Other return path or upstream data transmission schemes have been tried. These schemes include, for example, the telephone system, described as "ubiguitous" by Citta et al. In other words, the return data path to a cable television headend is not provided over the cable television distribution plant at all. The serving cable is intentionally avoided either because of the interference noise problem in a split system or because the system is a one way downstream system. Instead, the subscriber's telephone line is used for data transmission. In this distance, however, there is concern that local telephone data tariffs may require the payment of line conditioning surcharges if the telephone line to a subscriber's home is used for data transmission in addition to normal "plain old" telephone service. Furthermore, the telephone line is only available when the subscriber is not using it, requiring an unscheduled or periodic data flow.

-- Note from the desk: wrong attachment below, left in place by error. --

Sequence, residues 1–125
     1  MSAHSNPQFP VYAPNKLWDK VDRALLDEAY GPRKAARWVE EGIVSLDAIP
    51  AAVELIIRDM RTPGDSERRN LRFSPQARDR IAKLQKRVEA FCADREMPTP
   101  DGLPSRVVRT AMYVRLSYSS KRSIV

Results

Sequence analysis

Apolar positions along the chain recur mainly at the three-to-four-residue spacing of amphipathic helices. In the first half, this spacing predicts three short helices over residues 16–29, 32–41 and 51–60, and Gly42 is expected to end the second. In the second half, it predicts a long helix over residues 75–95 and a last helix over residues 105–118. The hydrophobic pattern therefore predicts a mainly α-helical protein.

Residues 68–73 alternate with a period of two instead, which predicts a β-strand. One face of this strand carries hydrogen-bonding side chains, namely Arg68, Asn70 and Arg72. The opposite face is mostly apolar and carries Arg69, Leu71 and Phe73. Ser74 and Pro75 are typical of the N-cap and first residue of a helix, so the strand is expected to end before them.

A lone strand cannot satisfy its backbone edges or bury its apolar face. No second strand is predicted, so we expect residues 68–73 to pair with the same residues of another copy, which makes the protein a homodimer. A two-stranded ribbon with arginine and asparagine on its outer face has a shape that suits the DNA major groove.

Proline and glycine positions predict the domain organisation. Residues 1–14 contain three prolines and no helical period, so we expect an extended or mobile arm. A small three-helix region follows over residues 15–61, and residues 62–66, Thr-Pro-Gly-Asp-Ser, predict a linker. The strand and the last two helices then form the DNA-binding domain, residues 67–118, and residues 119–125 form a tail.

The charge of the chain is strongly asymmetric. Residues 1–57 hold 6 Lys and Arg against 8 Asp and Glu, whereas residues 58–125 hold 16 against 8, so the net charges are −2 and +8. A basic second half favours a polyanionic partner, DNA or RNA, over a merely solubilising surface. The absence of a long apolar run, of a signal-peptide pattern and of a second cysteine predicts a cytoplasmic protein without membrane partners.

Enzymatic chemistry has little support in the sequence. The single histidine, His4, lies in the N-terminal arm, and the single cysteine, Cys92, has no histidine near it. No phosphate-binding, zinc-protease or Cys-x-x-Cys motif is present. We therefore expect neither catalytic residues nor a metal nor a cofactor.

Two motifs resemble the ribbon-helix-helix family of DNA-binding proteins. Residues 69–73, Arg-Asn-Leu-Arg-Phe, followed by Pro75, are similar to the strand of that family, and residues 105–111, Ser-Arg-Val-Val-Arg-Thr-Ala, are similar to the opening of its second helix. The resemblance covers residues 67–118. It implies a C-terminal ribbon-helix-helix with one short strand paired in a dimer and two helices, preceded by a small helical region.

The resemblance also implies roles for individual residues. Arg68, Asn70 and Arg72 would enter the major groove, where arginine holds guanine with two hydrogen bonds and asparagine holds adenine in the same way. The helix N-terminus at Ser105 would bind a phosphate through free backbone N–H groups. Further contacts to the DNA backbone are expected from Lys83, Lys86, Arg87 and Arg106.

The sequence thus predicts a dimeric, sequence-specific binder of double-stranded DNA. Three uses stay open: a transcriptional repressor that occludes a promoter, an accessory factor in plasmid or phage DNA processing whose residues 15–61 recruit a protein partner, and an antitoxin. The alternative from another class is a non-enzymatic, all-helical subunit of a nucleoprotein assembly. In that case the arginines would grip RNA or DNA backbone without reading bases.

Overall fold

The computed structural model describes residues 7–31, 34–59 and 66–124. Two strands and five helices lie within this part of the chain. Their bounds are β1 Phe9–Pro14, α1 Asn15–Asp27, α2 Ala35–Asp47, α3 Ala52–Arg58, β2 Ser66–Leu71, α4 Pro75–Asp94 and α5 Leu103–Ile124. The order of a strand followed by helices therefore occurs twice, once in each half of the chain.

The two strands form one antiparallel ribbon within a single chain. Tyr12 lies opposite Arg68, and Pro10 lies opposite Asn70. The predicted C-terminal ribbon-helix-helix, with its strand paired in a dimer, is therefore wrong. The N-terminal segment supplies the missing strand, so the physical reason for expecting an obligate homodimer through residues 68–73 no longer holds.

Another known return data transmission scheme involves the application of a separate data channel at a carrier frequency that avoids the troublesome 0-30 megahertz band. This scheme, of avoiding the noisy 0-30 megahertz band, is only possible in midsplit and high split systems.
So-called spread spectrum transmission of data is a technology which evolved for military requirements from the need to communicate with underwater submarines in a secure manner. Spread spectrum derives its name from spreading a data signal having a comparatively narrow bandwidth over a much larger spectrum than would be normally required for transmitting the narrow band data signal.